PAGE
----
I Salute Gambian Women!

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After the Eid-ul-Fitr feast, I wrote using this and other media to express the hope and potentials we have in our society. Our culture of being one people, one nation, and one Gambia expressed through the jovial relationships we have between tribes, ethnic groups, regional groups and even clans is a great recipe for peace and progress.

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Today, we witnessed another aspect of this communalism when women in the ‘Kombo Tubab Bankoo’, or urban area if you like, desired to get rid of the huge piles of waste in our markets and streets and they were joined by many of the menfolk. Indeed this is worth celebrating and we need to commend our womenfolk.

What do we Learn from this Set-Setal?

It is said that cleanliness is next to godliness. In fact there is no godliness without cleanliness. Every religion stresses on cleanliness and if someone is desirous of being godly, most certainly such a person should be clean both physically and spiritually. Well we know that the outward appearance of a person affects his or her inner feelings. A clean person could therefore be said to be pure inwardly as well.


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This makes cleanliness extremely important therefore. This cleanliness however, does not only have to be in the pefact but also the environment. A clean person cannot live in a dirty environment. We can see therefore that keeping our surroundings clean is of absolute necessity.

Who is responsible?

Primarily, we [the people] are responsible for the cleanliness of our bodies and our environment. If each one of us takes it upon him/herself to ensure that you and your surroundings are clean then the waste and rubbish can be at various locations for further discarding by the right authorities. It is here that the role of the government [through the municipalities] comes in.

It is the responsibility of the municipalities to ensure that the waste is collected periodically and disposed of properly keeping in mind the hygiene and health of the people. For this reason, we pay tax to the local government/municipalities. They collect this money to ensure that our waste is collected and disposed of. But because for the past 22 years we had a dictatorship and a repressive government that did not care much about the people, that money was politicized and used for other things. As such, the work for which the taxes were meant was not – could not – be done. Today, we are all facing the consequences.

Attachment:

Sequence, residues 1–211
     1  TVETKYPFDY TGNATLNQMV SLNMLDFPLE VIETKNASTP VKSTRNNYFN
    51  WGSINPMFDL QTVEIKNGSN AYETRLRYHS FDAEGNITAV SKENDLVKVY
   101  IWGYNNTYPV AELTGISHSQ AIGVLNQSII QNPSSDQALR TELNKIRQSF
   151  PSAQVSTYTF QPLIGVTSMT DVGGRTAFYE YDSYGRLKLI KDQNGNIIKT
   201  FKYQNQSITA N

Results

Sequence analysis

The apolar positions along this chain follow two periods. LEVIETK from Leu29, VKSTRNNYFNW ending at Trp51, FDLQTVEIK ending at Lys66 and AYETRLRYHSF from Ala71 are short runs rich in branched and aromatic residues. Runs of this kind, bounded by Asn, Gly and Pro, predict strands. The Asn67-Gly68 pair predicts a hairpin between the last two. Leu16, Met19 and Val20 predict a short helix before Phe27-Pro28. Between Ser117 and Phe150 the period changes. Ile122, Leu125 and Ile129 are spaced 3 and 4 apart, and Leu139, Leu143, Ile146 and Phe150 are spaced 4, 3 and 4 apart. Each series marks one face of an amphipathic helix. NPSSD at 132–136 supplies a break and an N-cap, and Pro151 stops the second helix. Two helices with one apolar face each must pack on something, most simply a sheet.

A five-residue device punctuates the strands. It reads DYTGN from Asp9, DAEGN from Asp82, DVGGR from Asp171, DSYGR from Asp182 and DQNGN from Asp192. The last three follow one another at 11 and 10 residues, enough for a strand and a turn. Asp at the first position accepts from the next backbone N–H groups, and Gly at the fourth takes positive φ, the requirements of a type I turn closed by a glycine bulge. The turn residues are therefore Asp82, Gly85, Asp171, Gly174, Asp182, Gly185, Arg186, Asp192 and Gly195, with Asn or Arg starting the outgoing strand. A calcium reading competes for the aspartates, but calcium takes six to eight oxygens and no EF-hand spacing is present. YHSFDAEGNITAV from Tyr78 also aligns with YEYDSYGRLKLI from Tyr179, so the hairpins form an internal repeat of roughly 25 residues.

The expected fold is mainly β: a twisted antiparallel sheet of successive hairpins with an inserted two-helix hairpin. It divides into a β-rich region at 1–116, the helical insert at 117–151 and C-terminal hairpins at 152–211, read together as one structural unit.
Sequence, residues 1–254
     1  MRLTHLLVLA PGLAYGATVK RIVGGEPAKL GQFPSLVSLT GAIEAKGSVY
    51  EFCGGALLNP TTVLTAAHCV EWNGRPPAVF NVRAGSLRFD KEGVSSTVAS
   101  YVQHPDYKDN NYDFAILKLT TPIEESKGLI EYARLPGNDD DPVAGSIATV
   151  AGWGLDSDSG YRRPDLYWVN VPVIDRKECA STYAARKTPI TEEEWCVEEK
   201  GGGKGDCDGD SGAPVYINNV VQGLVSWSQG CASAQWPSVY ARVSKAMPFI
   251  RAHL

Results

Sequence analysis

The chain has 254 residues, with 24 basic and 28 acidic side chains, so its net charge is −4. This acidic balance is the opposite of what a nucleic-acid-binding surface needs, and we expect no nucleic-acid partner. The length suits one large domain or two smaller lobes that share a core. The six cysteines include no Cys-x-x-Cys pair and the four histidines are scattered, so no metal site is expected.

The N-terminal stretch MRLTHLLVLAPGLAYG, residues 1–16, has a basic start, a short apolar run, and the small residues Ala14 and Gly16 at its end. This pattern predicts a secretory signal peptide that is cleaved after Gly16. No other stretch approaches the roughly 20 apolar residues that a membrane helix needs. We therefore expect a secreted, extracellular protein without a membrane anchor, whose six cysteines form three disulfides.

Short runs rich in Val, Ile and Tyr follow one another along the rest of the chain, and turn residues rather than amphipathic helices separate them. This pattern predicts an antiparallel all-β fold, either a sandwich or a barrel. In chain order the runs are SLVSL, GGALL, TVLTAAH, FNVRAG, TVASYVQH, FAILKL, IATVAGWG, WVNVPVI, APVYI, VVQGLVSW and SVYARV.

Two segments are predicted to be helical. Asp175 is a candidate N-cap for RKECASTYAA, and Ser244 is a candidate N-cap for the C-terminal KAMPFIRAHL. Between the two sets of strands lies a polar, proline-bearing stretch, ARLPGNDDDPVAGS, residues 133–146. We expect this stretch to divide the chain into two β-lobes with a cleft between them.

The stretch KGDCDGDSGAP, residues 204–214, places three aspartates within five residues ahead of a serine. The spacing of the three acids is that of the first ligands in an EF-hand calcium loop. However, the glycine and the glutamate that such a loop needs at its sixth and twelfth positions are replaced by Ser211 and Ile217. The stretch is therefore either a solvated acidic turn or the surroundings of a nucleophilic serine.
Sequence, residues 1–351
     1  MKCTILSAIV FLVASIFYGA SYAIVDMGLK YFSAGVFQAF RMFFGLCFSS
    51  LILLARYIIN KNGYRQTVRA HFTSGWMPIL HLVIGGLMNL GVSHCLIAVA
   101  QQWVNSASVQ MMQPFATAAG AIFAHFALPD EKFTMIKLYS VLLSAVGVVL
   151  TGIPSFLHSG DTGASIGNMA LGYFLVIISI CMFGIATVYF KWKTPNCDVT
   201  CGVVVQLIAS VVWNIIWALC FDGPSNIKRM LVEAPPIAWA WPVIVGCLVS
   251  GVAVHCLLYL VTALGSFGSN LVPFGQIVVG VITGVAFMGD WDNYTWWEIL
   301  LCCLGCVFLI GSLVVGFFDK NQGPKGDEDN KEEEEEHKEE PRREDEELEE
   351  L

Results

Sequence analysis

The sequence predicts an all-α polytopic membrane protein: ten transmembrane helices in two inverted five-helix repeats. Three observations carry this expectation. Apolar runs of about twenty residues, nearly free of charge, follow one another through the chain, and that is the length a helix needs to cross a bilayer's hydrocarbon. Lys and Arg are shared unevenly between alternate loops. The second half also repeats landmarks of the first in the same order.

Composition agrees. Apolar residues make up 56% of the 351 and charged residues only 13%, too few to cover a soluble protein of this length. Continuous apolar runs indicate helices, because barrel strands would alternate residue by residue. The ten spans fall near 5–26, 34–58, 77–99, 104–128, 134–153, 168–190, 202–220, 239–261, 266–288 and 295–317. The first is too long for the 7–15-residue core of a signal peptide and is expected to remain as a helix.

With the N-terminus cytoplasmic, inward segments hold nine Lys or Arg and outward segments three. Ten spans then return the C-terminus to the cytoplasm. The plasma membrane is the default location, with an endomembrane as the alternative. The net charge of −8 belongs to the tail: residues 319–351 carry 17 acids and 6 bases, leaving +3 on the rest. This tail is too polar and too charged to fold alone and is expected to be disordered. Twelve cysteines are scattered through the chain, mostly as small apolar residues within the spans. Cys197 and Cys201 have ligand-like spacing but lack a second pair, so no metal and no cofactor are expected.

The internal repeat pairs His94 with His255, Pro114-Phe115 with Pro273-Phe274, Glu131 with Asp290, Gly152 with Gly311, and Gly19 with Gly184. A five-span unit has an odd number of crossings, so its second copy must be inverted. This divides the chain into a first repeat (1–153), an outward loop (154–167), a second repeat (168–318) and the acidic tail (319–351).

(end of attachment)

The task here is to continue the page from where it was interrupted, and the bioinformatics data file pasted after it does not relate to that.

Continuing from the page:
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The Kankfing Municipal Council under the leadership of Mayor Yankuba Colley wasted out resources on politics and some other nonessential ventures and now, we all have to suffer for it. This has to change. We need to start taking responsibility and doing what we are supposed to do.

I wrote once that a man once thought that I was a fool because he saw me carrying an empty can drink for a long distance. He asked why I didn’t just throw it away? I replied that I couldn’t because there was no dustbin around. He said I should throw it away anyway because everyone does it.

This is our problem. Many people do something so we also do it even if it is wrong. If we don’t stop that behavior, progress will be difficult.

We have to make a conscious, concerted effort to ensure a change in attitude. We didn’t only vote for a change of the name of our president, we voted for a system change which has to be all-pervasive. Everything has to change for us to register the progress we are yearning for.

It seems our womenfolk want to lead that change! That is a good thing. I salute you, O women of the Gambia!

Tha Scribbler



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